Sunday, January 4, 2009

Occlusive vs Gauze Dressings–an Article Review

Updated 3/2017-- all links (except to my own posts) removed as many no longer active. and it was easier than checking each one. 

We all have our favorite dressings for wounds. As the cost of healthcare continues to be an issue, it is good to look at the effectiveness AND cost of dressings. This recent article (full reference below) in the Archives of Surgery attempts to look at both.
They compared the gauze dressings
gauze mostly has been used in local wound care, mainly because of its low price and simplicity. The rationale behind this conventional wound management is to absorb exudation from the wound to keep it dry and clean enough to avoid bacterial contamination (also known as the wet-to-dry approach).
and occlusive dressings
Around the 1950s, a new concept of wound management was introduced. This method aimed at occluding the wound to protect against bacteria while keeping it moist to supply growth factors and prevent crust formation, which would impede wound healing.
The study was limited to wounds in adult surgical patients who were admitted to the hospital and had open wounds that required local wound care. The patients were then randomly placed into the occlusive (141 patients) or gauze-based (136 patients) local wound care.
Excluded were patients with burn wounds or ulcerating malignancies, surgically closed wounds, wounds treated with vacuum-assisted closure devices, ostomies or drain openings, and pin holes from external fracture fixation materials and patients receiving chemotherapy or local irradiation therapy or with a life expectancy less than 6 months.

Pain, costs, and healing were all accessed. In their study, few patients in either group need analgesics for dressing changes. Pain in both groups were similar. The number of dressing changes per day was, of course, lower for the occlusive than the gauze dressing group by almost half. The median time needed for each dressing application was nearly the same (4.8 min for occlusive and 5.0 min for gauze).
All dressings used and materials needed for redressing the wounds were counted. Commercial prices of dressing materials and wages of nurses (nurse assistant, 7.00 [US $10.98] per hour; trainee, 11.25 [$17.65] per hour; registered and senior, 19.15 [US $30.05] per hour) in the various working shifts as of January 1, 2005, were used to calculate material costs.
Daily costs of occlusive dressing materials were significantly higher. Nursing time costs per day were higher when gauze was used. However, the total costs were higher for the occlusive dressing group. The number of days spent in the hospital was longer for the occlusive group than the gauze dressing group.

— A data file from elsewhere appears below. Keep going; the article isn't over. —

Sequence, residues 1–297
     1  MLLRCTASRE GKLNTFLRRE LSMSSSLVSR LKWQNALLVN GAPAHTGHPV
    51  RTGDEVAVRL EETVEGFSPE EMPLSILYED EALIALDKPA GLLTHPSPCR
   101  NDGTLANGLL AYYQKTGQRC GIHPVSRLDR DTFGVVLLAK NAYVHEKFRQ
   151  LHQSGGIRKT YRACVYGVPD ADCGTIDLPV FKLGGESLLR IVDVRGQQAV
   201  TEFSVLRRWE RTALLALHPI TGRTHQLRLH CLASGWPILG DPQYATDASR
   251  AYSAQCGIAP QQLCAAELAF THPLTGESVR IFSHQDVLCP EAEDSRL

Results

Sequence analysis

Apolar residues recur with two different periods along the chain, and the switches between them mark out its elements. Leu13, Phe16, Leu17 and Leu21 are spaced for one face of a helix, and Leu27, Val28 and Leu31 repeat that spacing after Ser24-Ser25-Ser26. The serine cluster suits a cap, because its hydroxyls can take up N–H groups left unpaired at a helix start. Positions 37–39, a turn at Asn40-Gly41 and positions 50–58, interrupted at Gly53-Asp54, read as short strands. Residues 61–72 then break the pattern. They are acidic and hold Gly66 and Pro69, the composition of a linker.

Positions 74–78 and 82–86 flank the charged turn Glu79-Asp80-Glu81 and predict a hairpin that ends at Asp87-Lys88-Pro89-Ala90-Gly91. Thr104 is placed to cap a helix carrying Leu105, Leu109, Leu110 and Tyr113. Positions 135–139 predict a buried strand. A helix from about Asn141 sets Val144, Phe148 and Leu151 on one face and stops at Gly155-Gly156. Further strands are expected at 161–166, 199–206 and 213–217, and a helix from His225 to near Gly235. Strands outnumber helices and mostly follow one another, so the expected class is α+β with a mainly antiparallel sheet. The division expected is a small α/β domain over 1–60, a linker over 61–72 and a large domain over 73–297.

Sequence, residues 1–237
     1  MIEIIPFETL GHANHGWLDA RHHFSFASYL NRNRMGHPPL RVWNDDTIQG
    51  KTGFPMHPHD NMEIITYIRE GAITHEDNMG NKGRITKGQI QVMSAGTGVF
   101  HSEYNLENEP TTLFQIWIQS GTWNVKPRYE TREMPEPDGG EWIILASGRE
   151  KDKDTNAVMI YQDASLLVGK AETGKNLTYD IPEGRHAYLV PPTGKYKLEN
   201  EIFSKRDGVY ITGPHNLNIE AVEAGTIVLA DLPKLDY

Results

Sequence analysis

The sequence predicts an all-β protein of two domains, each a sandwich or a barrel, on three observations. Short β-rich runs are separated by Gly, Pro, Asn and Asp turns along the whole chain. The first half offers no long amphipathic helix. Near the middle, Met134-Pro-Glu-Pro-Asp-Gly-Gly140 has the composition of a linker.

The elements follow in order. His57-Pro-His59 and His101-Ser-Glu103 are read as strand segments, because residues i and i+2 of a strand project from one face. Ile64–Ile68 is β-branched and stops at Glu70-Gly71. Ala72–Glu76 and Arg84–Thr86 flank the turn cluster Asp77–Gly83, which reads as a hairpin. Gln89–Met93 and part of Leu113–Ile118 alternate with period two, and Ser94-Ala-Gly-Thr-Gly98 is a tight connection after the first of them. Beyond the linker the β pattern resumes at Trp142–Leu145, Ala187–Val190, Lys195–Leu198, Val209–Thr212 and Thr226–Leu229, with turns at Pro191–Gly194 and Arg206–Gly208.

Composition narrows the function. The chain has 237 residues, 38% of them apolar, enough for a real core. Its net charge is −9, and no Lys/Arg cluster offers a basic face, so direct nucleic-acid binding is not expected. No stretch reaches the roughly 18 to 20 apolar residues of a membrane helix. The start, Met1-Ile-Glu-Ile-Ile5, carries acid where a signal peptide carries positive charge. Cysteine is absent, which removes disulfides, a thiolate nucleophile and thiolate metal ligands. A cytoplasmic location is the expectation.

occlusive, 6.43 [US $9.95] vs gauze, 1.85 [US $2.90]; P < .001)
nursing time costs per day (occlusive, 1.28 [US $2.01] vs gauze, 2.41 [US $3.78]; P < .001)
total costs per patient per day of hospital stay (7.48 [US $11.74]) when occlusive wound management was applied than for the gauze-based treatment (3.98 [US $6.25]; P = .002).
Median duration of hospitalization was 18 days (IQR, 8-36 days) in the occlusive dressings group, which was slightly but significantly (P = .02) higher than the 13 days (IQR, 6-27 days) in the gauze dressings group.
There was no significant difference in wound healing time found between the two groups. The authors conclusions would support using gauze dressings over occlusive ones.
The occlusive, moist-environment dressing principle in the clinical surgical setting does not lead to quicker wound healing or less pain than gauze dressings. The lower costs of less frequent dressing changes do not balance the higher costs of occlusive materials.
Occlusive vs Gauze Dressings for Local Wound Care in Surgical Patients: A Randomized Clinical Trial; Arch Surg. 2008;143(10):950-955; Dirk T. Ubbink; Hester Vermeulen; Astrid Goossens; Raoul B. Kelner; Sanne M. Schreuder; Maarten J. Lubbers


Bardiac said...

Wow, interesting.

Bikers (erm, cyclists, not motorbikers) try to figure out what works best for road rash (keeping it moist or keeping it dry); so to see that there's actually something among real medical folks about this.

What do you suggest for road rash? (I'm thinking not serious stuff.) (Alas, it's winter, so I haven't even had the chance to go out and fall.)

rlbates said...

Bardiac, for road rash I would most often suggest using keeping it clean with soap and water, then applying a layer of vaseline or aquaphor ointment. Reapply the ointment as needed to help keep the area "supple" so it doesn't "crack" as it heals.

Bardiac said...